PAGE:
Helping Nature Replenish the Oceans
Aichi's Efforts to Promote Its Fishing Industry

World's largest seafood consumer
Technological support
Growing what you reap

The nijiiwa, a new species produced through the crossbreeding of the trout and char, is larger and tastier than the latter.
(Photos by Yoshiharu Ishii)

In May this year a Japanese movie called Unagi (The Eel), directed by Shohei Imamura, won the Golden Palm award for most outstanding work at the Cannes film festival--the world's biggest movie contest. Eel dishes are very popular among the Japanese and have high nutritional content. One of the favorite ways of serving the eel is as kabayaki, or grilled eel covered with a thick, sweet sauce.
 Aichi is the leading producer of eels in Japan and has remained at the top spot for 14 straight years; yields accounted for 32% of the national production volume in 1996.
 Fishing is one of Aichi's biggest industries, along with manufacturing and agriculture. The prefecture's major fishery operations include freshwater farming, such as of eels and goldfish; coastal fishing, especially in Ise and Mikawa Bays; and laver cultivation. Although Aichi's production volume ranks roughly halfway down the list of prefectural totals, it is first for a number of specific products. One could say the prefecture has a very distinctive fishing industry.

World's largest seafood consumer
Japan is the world's largest consumer of marine products. One can see from Japan's food culture that seafood is closely connected with Japanese eating habits, with many products from the sea adorning the dining table. But prospects for the fishing industry are not altogether bright. In January 1997 the United Nations Law of the Sea was implemented limiting the volume of catch per nation.
 At the same time, seafood imports have increased sharply, transforming Japan from the world's largest exporter of marine products to the world's biggest importer. The Japanese fishing industry faces a major turning point.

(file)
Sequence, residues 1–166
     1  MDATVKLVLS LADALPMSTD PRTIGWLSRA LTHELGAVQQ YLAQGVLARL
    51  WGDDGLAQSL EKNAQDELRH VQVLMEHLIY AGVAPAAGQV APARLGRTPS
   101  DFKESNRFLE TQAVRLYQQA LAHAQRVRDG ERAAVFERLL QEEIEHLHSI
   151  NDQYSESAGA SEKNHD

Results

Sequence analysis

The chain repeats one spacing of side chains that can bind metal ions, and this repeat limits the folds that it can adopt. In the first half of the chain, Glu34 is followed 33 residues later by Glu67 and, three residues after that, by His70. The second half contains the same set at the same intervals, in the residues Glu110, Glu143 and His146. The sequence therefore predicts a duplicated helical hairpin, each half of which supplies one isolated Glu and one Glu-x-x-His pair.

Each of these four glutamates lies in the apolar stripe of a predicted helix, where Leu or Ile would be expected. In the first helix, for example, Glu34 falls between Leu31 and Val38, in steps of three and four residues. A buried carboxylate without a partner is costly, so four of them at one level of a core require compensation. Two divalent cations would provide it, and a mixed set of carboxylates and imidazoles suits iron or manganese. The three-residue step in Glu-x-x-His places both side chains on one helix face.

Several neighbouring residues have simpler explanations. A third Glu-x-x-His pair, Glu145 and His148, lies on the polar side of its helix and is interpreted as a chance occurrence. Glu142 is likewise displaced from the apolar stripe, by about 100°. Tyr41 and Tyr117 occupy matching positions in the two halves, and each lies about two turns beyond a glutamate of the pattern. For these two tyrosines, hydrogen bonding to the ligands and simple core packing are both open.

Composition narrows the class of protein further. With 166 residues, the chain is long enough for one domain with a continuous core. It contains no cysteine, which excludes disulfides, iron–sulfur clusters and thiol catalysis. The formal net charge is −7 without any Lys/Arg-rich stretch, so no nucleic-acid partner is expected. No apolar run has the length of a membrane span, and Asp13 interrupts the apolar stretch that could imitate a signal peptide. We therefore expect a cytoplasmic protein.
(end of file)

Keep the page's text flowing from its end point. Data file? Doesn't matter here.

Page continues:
To secure a stable supply of marine products while conserving resources, Japan is now endeavoring to shift to a resource-management-type approach. This means that instead of simply catching fish, efforts are being made to raise and cultivate what is consumed. Such efforts toward environmental preservation and resource cultivation are now actively being made in Ise and Mikawa Bays. Aichi is experimenting with new approaches in a wide range of fields, including the development of new products through biotechnology, fish farming, and environmental protection of fishing grounds.

Technological support
The driving force behind such efforts is the Aichi Fisheries Research Institute and the Aichi Fish Farming Institute.
 Since its establishment in 1894, well before similar centers were built in other parts of the country, the Aichi Fisheries Research Institute has been fulfilling an important role in promoting Aichi's fishing industry.
 "More than a century has passed since the Aichi Fisheries Research Institute was founded," said its director, Hironari Mizuno. "During this time, we've been supporting the prefecture's fishing industry from both the hardware and software angles, providing technological backing as well as managerial support and so on, and the fruits of these endeavors are plain for anyone to see. In recent years, research is being focused on new areas, such as raising the added value of marine products, improving fish farming techniques, and preserving fishing grounds. In this sense, the institute will have an increasingly vital role in the years ahead."
 In response to the advancement and specialization of research, the institute has restructured its organization and improved its research facilities, establishing the Marine Resources Research Center in 1988 and the Mikawa Ichinomiya Station in 1994. And at present a new complex, that will serve as a hub for these facilities, is being planned in the city of Gamagori, with completion scheduled for 2000.